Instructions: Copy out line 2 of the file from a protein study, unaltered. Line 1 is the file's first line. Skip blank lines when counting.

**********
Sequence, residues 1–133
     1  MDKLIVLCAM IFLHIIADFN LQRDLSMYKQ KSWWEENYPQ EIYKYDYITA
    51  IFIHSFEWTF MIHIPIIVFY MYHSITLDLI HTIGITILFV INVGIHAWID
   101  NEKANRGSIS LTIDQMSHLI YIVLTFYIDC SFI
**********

     1  MDKLIVLCAM IFLHIIADFN LQRDLSMYKQ KSWWEENYPQ EIYKYDYITA